Difference Between Plumule and Radicle

Main Difference -Plumule vs Radicle

Plumule and radicle are the two major parts of an embryo plant. The embryo plant develops into the young plant sporophyte during seedling. The seedling starts with the germination of the seed. Radicle, plumule, and cotyledons are the three parts of the young seedling. Cotyledons are the embryonic leaves. Two types of angiosperms can be identified depending on the number of cotyledons in the seed: monocot and dicot. Monocot contains a single cotyledon while dicot contains two cotyledons in the seed. Gymnosperms contain a varied number of cotyledons. The main difference between plumule and radicle is that plumule is the embryonic shoot while radicle is the embryonic root.

This article looks at,

1. What is a Plumule
      – Definition, Structure, Characteristics, Function
2. What is a Radicle
      – Definition, Structure, Characteristics, Function
3. What is the difference between Plumule and RadicleDifference Between Radial Plumule and Radicle - Comparison Summary

What is a Plumule

The plumule is the rudimentary shoot of the seed embryo, which develops into the first true leaves. It is found above cotyledons during the germination of the seed. Plumule is the growing tip of the epicotyl. Epicotyl is the tiny shoot, which develops into stems, leaves, and flowers of the plant in future. The epigeal germination is the occurrence of the plumule after the growth of cotyledons above the ground. The hypogeal germination is the growth of the plumule above the soil while the cotyledons remain below the surface of the soil. The size and shape of the plumule are varied within species. Most of the plumules are conical. When enough food is stored in the endosperm or cotyledons itself, plumule grows small. In contrast, when little food is stored in the seed, the plumule grows large with well-formed leaves, capturing more sunlight for the synthesis of food by photosynthesis. The development of cotyledons is shown in figure 1. The plumule can be found between two cotyledons.

Difference Between Plumule And Radicle

Figure 1: Plumule between the two cotyledons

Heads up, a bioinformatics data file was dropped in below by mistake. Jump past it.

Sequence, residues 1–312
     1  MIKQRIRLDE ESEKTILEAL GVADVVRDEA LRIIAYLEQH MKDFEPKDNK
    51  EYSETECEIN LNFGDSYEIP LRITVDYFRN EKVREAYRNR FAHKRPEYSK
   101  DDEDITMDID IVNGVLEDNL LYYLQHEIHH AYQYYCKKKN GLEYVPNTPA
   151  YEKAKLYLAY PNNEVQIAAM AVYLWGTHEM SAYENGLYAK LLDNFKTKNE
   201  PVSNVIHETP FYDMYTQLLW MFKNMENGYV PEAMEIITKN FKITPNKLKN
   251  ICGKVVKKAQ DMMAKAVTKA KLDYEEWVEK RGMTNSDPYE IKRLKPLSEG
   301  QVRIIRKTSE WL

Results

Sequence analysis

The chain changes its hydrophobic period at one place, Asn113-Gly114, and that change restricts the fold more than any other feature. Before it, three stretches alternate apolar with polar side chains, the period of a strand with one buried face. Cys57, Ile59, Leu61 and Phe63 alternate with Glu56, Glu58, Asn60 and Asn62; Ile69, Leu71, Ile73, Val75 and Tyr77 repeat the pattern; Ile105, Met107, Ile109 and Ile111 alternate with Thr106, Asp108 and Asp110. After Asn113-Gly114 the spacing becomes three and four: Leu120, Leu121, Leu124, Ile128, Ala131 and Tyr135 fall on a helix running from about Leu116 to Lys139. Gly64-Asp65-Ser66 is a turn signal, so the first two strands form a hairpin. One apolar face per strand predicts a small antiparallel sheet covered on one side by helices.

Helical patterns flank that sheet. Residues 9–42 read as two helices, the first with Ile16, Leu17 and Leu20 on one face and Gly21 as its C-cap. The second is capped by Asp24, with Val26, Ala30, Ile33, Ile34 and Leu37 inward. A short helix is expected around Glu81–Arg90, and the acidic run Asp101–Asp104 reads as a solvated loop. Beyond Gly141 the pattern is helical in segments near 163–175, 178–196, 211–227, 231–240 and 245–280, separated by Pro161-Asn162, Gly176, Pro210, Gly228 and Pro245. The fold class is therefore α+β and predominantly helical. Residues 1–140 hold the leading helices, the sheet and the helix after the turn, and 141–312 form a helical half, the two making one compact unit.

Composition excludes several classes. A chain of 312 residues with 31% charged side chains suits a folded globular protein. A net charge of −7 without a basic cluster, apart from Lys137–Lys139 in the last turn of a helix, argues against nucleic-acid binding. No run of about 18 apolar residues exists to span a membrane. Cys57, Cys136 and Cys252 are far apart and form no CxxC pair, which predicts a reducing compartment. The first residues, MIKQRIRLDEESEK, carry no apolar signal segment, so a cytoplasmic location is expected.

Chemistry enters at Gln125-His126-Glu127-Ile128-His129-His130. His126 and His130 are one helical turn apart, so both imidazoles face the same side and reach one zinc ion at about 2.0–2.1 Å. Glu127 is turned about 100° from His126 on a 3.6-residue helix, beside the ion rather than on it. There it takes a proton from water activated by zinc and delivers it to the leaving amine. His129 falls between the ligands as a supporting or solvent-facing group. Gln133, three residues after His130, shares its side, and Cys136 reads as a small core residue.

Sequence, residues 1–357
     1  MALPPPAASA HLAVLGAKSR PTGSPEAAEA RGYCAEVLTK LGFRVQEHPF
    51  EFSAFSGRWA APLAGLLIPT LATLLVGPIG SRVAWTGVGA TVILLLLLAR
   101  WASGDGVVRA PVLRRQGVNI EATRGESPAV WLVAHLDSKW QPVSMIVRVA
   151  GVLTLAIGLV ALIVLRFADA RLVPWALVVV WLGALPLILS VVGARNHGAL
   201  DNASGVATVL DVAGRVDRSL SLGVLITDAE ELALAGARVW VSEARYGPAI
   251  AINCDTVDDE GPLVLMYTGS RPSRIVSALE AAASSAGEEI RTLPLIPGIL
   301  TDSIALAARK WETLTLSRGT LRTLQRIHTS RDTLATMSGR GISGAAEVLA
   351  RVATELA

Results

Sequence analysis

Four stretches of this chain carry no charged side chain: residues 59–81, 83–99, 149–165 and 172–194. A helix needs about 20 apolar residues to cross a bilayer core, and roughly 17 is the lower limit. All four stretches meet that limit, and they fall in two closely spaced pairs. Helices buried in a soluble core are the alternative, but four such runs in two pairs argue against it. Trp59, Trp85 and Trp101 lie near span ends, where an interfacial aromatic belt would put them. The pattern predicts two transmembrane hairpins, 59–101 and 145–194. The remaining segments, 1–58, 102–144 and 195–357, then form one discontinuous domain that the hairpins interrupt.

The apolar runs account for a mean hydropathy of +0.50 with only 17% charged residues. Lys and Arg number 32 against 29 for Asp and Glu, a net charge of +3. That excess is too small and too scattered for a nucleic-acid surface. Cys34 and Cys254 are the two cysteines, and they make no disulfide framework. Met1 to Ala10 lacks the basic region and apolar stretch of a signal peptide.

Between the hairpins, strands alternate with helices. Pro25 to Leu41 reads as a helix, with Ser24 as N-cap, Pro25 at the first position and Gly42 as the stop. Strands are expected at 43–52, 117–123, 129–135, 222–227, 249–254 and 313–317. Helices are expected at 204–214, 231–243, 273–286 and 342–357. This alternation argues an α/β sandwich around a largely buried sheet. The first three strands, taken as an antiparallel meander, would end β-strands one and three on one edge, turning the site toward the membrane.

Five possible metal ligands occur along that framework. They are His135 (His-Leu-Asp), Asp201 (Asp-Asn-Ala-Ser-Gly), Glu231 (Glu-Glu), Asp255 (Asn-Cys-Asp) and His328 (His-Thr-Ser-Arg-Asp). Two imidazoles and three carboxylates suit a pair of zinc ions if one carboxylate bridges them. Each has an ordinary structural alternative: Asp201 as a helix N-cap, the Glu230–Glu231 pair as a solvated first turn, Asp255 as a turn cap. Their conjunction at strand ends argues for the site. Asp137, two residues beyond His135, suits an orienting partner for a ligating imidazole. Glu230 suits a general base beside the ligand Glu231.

What is a Radicle

The radicle is the first part of the embryo, which comes out from the seed during germination. It is the embryonic root of the plant, which develops into the future root of the plant. The emerging of the radicle occurs through the micropyle of the seed. Radicle develops into the soil. While growing into the soil, radicle absorbs water from the soil, which is required by the further development of the embryo. The plumule comes out secondly from the seed, supporting the cotyledons and starts photosynthesis, producing the food required by the further growth of the plant. Two types of radicles are found depending on the directionality of the development of the Radicle: antitropous and syntropous. Antitropous is the growth of the radicle away of the hilum and syntropous is the growth of the radicle towards the hilum. Radicle development in the Aesculus hippocastanum seed is shown in figure 2.

Main Difference - Plumule vs Radicle

Figure 2: Aesculus hippocastanum

Difference Between Plumule and Radicle


Plumule: Plumule is the embryonic shoot.

Radicle: Radicle is the embryonic root.


Plumule: Plumule grows after the growth of radicle.

Radicle: Radicle comes out first from the seed.


Plumule: Plumule develops into the future shoot, which is the stem and the leaves of the plant.

Radicle: Radicle develops into the future root of the plant.

Growing Towards

Plumule: Plumule grows upwards out of the soil.

Radicle: Radicle grows downwards into the soil.


Plumule: Plumule is less white than the radicle.

Radicle: Radicle is more white than the plumule.


Plumule: Plumule is capable of photosynthesizing in order to produce food for the growing embryonic plant.

Radicle: Radicle is capable of absorbing water from the soil, which is required for the development of the embryonic plant.


Plumule and radicle are two parts of the plant embryo, which are found inside the seed. During the germination of the seed, radicle is developed at first through the micropyle of the seed. The radicle is the rudimentary root of the plant embryo. It grows downward into the soil, absorbing water required by the further development of the embryo. Radicle develops into the root system of the future plant. Plumule emerges secondly to the radicle from the seed. It grows upwards from the soil. Cotyledons are held by plumule. Plumule is capable of photosynthesizing, producing the food required by the growth of the embryo. It develops into the shoot of the future plant, consisting of stem and leaves. However, the main difference between plumule and radicle is in their development into different parts of the future plant.

“Parts of a Seed and Their Functions.” CropsReview.Com. N.p., n.d. Web. 01 May 2017.

Image Courtesy:
1. “Seed Blog” by U.S. Department of Agriculture (CC BY 2.0) via Flickr
2. “Aesculus hippocastanum Seed” By JJ Harrison ([email protected]) – Own work (CC BY-SA 3.0) via Commons Wikimedia

About the Author: Lakna

Lakna, a graduate in Molecular Biology and Biochemistry, is a Molecular Biologist and has a broad and keen interest in the discovery of nature related things. She has a keen interest in writing articles regarding science.

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